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Proposed Blasphemy Law in Kurdistan Would Protect Christians As Well As Muslims

Parliamentarians in Iraq's Kurdish region hope to end religious violence by banning insults to what "all religions" have in common: "God, the prophets, holy books."

Parliamentarians in Iraq's Kurdish region are drafting a blasphemy law that, unlike those in other Muslim-majority nations, will protect Christianity as well as Islam from "insult."

Prompted by rioting after a controversial sermon by a Kurdish mullah in May, the bill would make acts of blasphemy –- broadly defined as offending God or the prophets, or deliberately damaging holy books or religious buildings –- against any religion punishable by up to 10 years in prison, according to Rudaw News. Any media organization found guilty of publishing or broadcasting blasphemous content would be closed down for a minimum of six months.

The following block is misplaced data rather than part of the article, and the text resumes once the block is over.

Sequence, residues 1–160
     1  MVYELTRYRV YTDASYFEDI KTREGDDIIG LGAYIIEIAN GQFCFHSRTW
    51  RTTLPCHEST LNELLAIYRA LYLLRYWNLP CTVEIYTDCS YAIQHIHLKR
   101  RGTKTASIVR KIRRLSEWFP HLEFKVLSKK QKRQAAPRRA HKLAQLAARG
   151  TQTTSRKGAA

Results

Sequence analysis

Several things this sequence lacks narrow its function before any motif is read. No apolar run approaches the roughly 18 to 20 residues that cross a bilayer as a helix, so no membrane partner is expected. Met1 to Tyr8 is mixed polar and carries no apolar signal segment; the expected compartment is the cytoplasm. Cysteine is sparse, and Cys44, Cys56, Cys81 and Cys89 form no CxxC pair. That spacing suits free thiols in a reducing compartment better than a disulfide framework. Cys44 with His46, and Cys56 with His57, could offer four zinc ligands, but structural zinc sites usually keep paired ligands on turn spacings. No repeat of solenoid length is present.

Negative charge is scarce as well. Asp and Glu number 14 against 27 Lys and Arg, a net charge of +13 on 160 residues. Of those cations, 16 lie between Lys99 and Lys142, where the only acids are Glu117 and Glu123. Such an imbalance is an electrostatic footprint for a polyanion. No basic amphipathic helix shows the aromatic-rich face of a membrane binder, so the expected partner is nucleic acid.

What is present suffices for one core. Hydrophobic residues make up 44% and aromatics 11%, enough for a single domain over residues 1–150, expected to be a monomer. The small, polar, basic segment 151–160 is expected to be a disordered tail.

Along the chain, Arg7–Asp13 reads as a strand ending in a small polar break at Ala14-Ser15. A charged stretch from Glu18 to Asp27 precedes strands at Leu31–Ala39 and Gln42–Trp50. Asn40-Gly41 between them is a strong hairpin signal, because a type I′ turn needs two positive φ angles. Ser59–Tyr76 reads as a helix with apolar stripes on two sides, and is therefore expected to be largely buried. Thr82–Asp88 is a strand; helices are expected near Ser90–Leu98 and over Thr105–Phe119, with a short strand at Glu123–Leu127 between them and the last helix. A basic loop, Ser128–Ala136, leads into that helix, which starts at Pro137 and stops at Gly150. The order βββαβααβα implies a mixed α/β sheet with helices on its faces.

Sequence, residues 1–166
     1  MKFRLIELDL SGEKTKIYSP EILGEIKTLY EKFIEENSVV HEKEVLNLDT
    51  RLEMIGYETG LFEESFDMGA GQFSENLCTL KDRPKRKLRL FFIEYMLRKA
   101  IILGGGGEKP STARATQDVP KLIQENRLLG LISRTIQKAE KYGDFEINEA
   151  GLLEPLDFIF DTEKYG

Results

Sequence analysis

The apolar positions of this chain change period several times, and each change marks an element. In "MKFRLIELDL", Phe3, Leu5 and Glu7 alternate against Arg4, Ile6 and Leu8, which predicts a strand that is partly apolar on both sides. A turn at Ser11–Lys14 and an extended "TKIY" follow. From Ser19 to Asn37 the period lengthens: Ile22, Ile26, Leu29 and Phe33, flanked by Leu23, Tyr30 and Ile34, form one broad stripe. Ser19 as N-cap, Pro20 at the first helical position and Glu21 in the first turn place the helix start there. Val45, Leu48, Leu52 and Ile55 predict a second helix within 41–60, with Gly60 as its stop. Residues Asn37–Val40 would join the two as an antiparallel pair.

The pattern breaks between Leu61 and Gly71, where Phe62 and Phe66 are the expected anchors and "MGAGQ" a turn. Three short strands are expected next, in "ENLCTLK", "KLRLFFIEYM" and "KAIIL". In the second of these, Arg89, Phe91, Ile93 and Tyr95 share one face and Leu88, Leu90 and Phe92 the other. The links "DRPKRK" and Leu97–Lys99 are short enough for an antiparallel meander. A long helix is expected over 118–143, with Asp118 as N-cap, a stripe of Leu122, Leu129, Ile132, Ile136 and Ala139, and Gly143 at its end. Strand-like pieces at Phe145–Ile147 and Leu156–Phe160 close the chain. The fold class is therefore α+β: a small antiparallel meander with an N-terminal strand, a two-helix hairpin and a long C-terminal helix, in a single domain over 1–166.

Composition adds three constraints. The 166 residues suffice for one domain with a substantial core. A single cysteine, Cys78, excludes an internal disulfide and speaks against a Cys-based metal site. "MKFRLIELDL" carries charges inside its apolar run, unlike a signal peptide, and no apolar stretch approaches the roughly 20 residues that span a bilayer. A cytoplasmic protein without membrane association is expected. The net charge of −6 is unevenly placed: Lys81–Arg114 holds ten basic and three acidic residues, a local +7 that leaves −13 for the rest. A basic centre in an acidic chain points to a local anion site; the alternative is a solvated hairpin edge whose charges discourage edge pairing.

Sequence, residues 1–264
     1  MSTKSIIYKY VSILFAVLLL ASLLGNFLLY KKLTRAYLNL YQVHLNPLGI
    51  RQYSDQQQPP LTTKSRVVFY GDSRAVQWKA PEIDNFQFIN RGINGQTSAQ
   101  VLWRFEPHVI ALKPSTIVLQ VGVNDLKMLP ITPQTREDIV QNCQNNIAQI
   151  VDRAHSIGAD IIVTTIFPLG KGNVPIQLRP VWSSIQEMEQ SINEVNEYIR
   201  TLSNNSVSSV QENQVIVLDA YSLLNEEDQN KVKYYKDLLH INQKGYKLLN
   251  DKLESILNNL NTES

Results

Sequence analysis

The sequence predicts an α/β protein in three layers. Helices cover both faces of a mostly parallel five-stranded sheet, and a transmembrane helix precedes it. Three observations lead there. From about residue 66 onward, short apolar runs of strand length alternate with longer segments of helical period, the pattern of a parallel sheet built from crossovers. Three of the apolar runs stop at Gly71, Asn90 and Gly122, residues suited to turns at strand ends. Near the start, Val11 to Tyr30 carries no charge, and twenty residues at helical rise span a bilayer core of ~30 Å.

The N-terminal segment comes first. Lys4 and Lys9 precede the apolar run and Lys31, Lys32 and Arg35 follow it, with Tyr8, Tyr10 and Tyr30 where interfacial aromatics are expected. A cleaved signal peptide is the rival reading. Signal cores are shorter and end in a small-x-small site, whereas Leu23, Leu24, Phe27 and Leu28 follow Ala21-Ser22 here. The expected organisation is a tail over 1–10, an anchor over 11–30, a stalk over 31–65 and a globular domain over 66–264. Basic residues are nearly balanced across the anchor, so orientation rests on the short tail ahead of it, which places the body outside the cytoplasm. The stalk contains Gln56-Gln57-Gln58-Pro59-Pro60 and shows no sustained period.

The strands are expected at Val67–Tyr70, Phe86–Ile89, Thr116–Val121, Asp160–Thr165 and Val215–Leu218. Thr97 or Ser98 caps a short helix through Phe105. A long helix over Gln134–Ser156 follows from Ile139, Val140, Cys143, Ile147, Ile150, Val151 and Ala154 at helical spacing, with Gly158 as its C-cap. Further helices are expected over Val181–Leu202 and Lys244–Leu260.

Opponents insist the bill, if passed, will unlawfully censor media in the Kurdistan region. Proponents deny that censorship would become a problem.

"It isn't prohibiting any freedom. You're free to say your opinion; you're free to criticize mullahs, scholars, Islam, the history of Islam," Basher Hadad, head of the committee charged with drafting the bill, told Rudaw News. "What's not OK and what's not allowed is insulting Islam."

Hadad says the law will protect Christians and other religious minorities in addition to Muslims. "The name of Islam is not mentioned in this law. What it does prohibit –- insulting God, the prophets, holy books –- is common to all religions. This law prohibits Muslims from insulting Christians, Yazidi or other religious minorities, too," he said, according to Rudaw News.

CT has reported how "religicide" has caused Iraqi Christians to flee to Kurdistan, interviewed a missionary who moved to Kurdistan after spending 9/11 in a Taliban jail, and examined how Iraqi Christians were the church's center for a millennium.

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